Yahoo! has launched a new search app and browser plug-in, Axis, geared to use on mobile devices and delivering results as a scrollable string of web page preview thumbnails or text boxes.
Axis was released in an iOS version on Apple’s online store late on Wednesday, and versions for other mobile operating systems will follow shortly. It can also be installed as a plug-in on rivals’ browsers including the big four, IE, Firefox, Chrome and Safari. At present, ads are not included in the results.
The app also displays lists of currently trending search topics, and includes predictive functions, bookmark sharing and social media functionality. Users can set up and customise a home page and move between different devices with the page remembering where they were. Special products Director Ethan Batraski said in a blog: ‘By supercharging the browser with a visually rich search experience and seamlessly connecting that experience across all of your devices, we are delivering an experience that will change the game.’ SVP Connections Shashi Seth says Yahoo! believes that ‘consumer-facing search is ripe for innovative disruption’ and that ‘Searching through links has outlived its utility.’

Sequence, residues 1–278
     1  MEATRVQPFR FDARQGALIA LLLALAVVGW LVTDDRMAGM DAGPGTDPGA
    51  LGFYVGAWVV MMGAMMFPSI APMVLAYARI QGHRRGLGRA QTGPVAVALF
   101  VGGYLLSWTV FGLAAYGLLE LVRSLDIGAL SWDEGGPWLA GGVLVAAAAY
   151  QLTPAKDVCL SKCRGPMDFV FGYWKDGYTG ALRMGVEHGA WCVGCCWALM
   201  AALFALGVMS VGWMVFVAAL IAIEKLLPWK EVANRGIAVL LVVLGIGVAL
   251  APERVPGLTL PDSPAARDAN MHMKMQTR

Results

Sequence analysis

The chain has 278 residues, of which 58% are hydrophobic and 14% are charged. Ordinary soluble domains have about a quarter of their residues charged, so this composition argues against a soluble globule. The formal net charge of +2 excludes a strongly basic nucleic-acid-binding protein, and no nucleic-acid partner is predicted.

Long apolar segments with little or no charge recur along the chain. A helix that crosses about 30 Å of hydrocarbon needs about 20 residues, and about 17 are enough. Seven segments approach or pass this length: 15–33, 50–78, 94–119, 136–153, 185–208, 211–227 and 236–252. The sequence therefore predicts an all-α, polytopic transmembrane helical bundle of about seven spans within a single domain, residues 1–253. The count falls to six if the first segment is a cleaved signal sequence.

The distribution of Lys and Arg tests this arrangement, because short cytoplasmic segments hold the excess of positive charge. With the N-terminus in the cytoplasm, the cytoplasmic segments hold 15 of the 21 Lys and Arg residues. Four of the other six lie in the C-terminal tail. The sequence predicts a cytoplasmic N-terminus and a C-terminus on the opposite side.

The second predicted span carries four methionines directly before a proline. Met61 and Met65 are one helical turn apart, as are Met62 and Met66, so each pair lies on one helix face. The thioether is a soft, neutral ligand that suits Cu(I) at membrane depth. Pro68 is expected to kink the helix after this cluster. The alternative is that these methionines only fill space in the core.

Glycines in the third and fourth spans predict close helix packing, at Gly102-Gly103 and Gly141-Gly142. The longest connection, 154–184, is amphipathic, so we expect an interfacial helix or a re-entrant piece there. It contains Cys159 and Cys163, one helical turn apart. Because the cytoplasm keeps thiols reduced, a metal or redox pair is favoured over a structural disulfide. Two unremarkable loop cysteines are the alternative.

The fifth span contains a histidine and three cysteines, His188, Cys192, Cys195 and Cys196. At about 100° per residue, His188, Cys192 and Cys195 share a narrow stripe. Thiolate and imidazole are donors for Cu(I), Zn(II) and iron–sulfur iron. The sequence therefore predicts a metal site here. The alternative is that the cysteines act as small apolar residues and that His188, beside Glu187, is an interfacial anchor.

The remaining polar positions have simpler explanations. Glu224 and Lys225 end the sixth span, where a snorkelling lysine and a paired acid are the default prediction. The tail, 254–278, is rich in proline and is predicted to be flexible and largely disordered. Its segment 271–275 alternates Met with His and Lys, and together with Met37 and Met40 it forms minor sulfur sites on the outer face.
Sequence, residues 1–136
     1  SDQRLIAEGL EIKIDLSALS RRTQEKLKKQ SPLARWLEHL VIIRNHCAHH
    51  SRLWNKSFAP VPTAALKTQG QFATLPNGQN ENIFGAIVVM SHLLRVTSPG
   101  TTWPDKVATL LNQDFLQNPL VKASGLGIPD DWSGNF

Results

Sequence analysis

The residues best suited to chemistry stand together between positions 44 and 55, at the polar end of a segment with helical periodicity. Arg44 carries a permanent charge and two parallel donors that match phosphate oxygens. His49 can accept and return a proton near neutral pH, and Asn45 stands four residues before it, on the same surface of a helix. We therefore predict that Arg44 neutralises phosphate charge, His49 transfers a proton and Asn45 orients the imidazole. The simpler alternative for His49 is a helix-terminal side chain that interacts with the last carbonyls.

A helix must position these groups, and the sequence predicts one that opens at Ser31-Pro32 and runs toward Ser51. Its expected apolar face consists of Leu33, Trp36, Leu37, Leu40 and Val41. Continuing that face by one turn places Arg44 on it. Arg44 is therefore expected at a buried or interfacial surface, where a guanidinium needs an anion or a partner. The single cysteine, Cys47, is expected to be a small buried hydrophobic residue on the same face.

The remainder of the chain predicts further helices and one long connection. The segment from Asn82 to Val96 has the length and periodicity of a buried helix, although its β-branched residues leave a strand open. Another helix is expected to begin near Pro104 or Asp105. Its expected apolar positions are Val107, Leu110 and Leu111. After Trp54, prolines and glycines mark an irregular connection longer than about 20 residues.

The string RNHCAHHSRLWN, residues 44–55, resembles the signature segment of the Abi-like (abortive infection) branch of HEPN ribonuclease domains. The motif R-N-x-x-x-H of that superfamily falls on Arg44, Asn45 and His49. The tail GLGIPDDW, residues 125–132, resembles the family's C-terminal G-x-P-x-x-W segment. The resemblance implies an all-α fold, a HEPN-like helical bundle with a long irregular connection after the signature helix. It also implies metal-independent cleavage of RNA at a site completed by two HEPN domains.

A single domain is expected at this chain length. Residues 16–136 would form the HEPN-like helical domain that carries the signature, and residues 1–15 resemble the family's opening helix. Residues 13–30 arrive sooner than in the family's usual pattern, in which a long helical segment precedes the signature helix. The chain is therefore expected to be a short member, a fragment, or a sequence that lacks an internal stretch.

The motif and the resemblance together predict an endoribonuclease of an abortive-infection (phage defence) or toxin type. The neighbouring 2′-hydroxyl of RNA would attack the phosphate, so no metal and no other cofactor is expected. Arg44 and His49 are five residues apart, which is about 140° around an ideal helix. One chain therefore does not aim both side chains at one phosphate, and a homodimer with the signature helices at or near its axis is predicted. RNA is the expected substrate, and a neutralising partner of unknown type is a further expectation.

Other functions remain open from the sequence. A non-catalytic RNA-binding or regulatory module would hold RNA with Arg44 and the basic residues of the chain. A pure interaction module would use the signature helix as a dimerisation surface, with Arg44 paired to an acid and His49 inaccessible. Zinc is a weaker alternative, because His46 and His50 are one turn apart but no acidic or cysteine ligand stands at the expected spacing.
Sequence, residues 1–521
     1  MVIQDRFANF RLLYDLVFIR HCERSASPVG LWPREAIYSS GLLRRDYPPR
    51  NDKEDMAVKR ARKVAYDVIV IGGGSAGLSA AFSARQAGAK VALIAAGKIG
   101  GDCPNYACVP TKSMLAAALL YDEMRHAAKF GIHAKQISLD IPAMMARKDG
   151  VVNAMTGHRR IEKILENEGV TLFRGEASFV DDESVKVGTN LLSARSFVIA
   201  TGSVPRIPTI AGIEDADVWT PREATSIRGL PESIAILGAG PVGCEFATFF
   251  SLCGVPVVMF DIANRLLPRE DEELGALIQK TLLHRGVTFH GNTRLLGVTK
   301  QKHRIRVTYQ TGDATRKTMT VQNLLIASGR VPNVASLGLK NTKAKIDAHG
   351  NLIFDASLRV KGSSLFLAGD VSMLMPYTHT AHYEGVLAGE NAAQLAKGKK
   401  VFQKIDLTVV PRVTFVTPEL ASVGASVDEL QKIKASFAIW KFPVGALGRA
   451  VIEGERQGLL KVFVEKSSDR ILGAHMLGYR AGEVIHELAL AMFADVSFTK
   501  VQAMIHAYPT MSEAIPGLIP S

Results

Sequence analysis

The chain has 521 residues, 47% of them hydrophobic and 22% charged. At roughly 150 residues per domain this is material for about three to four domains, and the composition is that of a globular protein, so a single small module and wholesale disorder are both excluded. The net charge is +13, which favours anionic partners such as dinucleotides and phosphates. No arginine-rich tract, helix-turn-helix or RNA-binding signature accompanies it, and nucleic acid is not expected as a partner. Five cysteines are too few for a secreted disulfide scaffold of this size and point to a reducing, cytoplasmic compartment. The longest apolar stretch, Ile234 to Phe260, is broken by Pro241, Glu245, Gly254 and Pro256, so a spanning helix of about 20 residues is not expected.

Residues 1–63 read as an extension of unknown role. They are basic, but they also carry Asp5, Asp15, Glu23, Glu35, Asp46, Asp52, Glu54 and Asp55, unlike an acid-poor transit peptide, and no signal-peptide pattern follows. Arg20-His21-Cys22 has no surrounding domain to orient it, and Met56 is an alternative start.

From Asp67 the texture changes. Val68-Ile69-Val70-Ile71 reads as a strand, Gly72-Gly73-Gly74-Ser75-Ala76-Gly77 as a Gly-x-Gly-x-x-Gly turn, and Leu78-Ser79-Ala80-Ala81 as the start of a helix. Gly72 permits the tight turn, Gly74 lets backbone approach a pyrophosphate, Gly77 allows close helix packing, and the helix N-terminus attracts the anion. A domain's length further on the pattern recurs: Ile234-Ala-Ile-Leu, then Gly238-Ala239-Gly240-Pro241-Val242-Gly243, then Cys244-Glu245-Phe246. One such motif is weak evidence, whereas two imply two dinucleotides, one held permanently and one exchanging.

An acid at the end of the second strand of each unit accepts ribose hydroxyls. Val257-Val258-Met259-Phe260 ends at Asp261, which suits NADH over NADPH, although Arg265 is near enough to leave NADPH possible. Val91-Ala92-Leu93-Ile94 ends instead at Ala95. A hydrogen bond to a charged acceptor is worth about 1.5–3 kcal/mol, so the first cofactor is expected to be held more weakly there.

Like the recently-launched Google Knowledge Graph, Axis gets its results from a custom-built index, which starts its compilation from Yahoo!’s own data and looks to partner Bing if it can’t find enough.
The app is initially only available in the US, to be joined by the UK, France and others later in the year. Technology analysts have generally expressed favourable views of its design and functionality but don’t expect it to have any drastic effect on market shares. Yahoo!’s percentage of search has dropped from nearly a quarter two years ago to around 13.5% now, according to comScore, with Bing eating some of its slice and up to second place with 15.4% - Google has around two thirds.
Microsoft has recently previewed a change to displaying Bing's search results in three columns, while Google has just unveiled its new 'Knowledge Graph’ feature, which picks out information from a database of more than 500 million entries on people, places and other common search requests. Yahoo! has just lost its second CEO in nine months and will be hoping Axis can help restore its long-declining fortunes.
Demo at http://axis.yahoo.com .